Lastminute's French Connection

LONDON (08/15/2000) - In March, British late-deals travel site PLC made one of the last blockbuster IPOs, just days before Europe's latest e-commerce malaise set in, raising £113 million (US$169.5 million).

Observers thought it would lay-low after sustaining a hail of adverse PR when the market took a downturn. But Monday it announced it had spent nearly half that amount in cash and stock to acquire Degriftour Group, France's largest e-commerce operation, for £58.9 million ($88.35 million.)Degriftour Group is an anachronism in e-commerce. Launched in 1991 on France's beloved Minitel system, it was profitable from the start and quickly became the second-most popular Minitel service, only bettered by the site that keeps track of French train schedules. Degriftour launched a sister site on the Internet in 1996 and built a customer base of 250,000., which specializes in selling distressed travel inventory at short notice, has 108,000 customers and 2.1 million registered users. customers generally book last-minute travel seven days in advance; many book for the following weekend or the next day.

The combined company earned £10.3 million ($15.45 million) on £64.1 million ($96.15 million) total travel bookings in the year ended March 31. reported losses of £9.27 million ($13.87 million) in the quarter ended June 30, down from £11 million ($16.46 million) for the same period last year.

Still,'s shares have taken a beating ever since its high-profile offering in March. Lastminute's stock was up 2.5 percent on news of the acquisition, but at 165.5 pence ($2.48) it is st ill trading below its offering price of 380 pence ($5.70). executives stressed that the acquisition of Degriftour would speed's trajectory to profitability. "They are a pure online business and they are profitable," says finance director Julian Culhane.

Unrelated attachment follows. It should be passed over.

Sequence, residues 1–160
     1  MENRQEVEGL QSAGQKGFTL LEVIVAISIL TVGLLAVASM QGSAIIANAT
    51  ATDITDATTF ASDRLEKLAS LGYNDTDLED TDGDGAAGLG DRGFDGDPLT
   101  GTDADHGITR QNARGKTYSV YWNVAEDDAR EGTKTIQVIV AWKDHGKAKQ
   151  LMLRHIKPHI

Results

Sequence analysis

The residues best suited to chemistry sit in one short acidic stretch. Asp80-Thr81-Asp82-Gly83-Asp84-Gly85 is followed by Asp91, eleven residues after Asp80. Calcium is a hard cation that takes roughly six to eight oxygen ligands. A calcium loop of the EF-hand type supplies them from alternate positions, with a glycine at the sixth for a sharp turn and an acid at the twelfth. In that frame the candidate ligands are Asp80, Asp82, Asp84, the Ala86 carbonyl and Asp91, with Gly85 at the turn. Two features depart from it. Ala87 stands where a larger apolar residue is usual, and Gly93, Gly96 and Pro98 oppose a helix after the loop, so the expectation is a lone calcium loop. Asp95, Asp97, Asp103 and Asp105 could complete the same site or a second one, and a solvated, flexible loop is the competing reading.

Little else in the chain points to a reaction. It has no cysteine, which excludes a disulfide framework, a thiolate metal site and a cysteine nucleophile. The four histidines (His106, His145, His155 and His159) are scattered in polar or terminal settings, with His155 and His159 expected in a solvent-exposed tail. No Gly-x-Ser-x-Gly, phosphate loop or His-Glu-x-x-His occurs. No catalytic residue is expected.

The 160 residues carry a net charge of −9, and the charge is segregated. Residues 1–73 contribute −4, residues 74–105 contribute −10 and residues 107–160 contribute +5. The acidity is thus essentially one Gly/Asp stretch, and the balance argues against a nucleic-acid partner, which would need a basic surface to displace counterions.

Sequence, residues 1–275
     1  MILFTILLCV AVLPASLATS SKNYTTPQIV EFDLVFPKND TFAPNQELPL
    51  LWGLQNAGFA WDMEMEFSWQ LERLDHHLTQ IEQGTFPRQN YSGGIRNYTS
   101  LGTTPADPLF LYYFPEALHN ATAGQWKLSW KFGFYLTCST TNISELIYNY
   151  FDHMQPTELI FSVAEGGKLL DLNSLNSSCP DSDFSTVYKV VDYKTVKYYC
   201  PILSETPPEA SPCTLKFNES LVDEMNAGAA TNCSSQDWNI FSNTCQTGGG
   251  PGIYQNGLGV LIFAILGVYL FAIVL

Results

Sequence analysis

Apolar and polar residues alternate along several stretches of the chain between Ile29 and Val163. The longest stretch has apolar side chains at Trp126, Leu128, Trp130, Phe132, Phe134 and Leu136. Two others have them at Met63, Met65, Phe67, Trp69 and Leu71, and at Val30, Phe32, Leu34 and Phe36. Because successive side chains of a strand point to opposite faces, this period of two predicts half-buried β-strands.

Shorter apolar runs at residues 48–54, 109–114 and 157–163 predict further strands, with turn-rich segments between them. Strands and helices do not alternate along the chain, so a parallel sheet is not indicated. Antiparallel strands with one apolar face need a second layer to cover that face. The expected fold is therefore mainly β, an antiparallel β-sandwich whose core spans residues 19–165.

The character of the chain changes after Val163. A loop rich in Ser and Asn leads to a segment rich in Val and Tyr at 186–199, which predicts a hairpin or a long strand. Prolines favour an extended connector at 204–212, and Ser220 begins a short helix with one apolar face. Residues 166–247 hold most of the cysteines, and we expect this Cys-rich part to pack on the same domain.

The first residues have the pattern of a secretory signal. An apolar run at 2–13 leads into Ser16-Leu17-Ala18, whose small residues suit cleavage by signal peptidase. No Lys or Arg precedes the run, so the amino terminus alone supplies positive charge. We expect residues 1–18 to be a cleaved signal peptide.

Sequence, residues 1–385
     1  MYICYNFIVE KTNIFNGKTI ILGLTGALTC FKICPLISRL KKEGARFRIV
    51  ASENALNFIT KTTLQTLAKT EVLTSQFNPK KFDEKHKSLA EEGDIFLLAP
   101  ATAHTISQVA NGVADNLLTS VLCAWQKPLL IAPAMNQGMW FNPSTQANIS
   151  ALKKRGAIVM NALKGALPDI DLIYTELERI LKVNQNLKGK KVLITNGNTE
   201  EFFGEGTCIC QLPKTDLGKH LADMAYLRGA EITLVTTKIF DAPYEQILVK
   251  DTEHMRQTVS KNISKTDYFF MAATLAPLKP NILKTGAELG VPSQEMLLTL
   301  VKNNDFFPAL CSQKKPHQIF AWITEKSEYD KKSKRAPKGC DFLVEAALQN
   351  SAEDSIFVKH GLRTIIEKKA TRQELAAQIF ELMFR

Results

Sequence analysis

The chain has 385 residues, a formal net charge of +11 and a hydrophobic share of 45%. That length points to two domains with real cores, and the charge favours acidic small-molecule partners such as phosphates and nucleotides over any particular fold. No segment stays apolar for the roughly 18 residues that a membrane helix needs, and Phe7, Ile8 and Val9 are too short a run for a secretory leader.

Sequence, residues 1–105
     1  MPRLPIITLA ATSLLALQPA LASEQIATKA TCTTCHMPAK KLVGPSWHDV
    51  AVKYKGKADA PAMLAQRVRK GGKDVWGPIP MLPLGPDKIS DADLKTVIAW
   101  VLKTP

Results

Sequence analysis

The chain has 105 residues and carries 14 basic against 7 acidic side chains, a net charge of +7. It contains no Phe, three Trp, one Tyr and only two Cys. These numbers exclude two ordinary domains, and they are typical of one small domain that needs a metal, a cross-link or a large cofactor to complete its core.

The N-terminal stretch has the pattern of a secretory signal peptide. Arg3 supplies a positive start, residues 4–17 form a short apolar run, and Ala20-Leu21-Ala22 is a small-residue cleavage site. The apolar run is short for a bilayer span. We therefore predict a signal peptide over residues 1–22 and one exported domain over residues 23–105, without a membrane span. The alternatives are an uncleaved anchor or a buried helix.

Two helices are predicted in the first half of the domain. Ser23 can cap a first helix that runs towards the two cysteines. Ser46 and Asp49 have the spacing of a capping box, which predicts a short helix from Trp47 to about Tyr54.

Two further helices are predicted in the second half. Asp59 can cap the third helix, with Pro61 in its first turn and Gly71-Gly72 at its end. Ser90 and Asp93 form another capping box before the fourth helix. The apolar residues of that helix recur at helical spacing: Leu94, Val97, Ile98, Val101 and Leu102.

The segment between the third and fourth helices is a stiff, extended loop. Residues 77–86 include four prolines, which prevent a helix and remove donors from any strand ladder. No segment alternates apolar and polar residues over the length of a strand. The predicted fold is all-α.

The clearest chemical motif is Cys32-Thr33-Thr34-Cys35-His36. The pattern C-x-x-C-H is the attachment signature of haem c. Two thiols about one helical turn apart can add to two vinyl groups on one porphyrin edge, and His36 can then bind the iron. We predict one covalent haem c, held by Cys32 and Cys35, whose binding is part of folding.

"[The deal] achieves today what our business plan would have take two to three years to achieve in France," said CEO Brent Hoberman in a statement. has negotiated deals with 3,500 airlines, rental car companies, hotels and tour operators to resell seats, cars and rooms that might otherwise have gone unsold. Degriftour has 6,000 such negotiated deals with travel vendors in France.

Degriftour has 50 percent of France's e-travel marketplace and is known by 45 percent of the French public, according to a phone survey in March. But they were an almost exclusively French business with no way to expand into Europe.

"It's a big move for us to become global and pan-European," says Frederic Ballat, Degriftour deputy general manager.

Ballat attributes Degriftour's success to Minitel, a text-based information service developed by the French government in the early 80s. Even in the age of the Web, an estimated 20 million French still use their Minitel terminals.

Ballat says Minitel helped the French become accustomed to buying online and Lastminute/Degriftour will continue to support it as long as customers use it.

"Minitel is not a dead body," Ballat says. "The French are used to buying holidays electronically."

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